Gear Shakedown – Field Time

One of the biggest challenges we face in preparedness is in actually getting in some time using our gear. I spent last week at the Von Steuben Training & Consulting Jager Course. You can find the course review on the Tactical Wisdom Locals Page. This article is more about the use and adjustment of my gear.

We normally overestimate the amount of gear we need. For example, when we stepped off on this course, my pack weighed 56 pounds. That included water and food, but I also had both my thermal tarp (pictured above – the picture is also an Amazon link), a USMC tarp, and two ponchos. I could have left behind the USMC Tarp and one of the ponchos.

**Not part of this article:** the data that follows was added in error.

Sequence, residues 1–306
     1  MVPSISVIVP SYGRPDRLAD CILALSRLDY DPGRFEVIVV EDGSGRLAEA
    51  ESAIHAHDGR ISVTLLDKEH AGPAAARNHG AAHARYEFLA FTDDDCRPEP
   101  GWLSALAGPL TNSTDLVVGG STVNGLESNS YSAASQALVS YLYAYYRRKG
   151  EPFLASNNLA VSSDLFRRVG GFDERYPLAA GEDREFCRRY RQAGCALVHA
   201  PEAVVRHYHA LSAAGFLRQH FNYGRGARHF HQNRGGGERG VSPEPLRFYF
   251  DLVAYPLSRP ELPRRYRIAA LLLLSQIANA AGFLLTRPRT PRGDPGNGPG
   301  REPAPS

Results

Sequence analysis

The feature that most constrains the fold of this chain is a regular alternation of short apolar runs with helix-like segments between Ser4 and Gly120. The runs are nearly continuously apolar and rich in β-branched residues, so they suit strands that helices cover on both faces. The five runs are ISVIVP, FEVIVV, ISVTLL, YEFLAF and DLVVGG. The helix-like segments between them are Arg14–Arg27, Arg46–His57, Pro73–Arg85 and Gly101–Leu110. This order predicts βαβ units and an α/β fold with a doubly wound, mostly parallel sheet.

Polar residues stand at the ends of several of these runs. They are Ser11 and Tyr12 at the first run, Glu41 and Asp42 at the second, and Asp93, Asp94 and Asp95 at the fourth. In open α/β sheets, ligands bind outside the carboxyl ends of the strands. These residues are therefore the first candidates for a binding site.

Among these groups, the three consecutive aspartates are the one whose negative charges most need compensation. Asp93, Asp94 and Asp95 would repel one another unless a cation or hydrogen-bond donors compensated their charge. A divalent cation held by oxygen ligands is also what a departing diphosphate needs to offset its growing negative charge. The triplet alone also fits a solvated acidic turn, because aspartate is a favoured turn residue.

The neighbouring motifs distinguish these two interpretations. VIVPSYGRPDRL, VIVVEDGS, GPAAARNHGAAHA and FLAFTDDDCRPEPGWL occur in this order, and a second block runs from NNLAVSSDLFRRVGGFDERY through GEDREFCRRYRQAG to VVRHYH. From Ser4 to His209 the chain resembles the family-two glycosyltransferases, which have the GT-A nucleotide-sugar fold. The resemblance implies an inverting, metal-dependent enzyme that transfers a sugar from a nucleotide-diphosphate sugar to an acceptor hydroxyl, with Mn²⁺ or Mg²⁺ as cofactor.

I had several people ask me about the tarp, so let me explain. It’s a thermal casualty blanket, which can help you defeat thermal observation if you put it about 12 inches over you, so it makes a good sleep shelter, killing two birds with one stone. I bought mine from Arcturus (again, click the photo). Mike Von Steuben showed me that by attaching a cheap hunting camouflage mosquito net over it with zip ties at the corner, I could get a 3D camo effect that muted the whole thing. As you can see, the British DPM pattern under the Mossy Oak netting fits in perfectly in the environment of North Carolina. They make a larger size and I think I’m going to get it – actually, let’s make this a fundraiser – it’s $50, so if this article nets $50 in donations I’ll get it and field test it.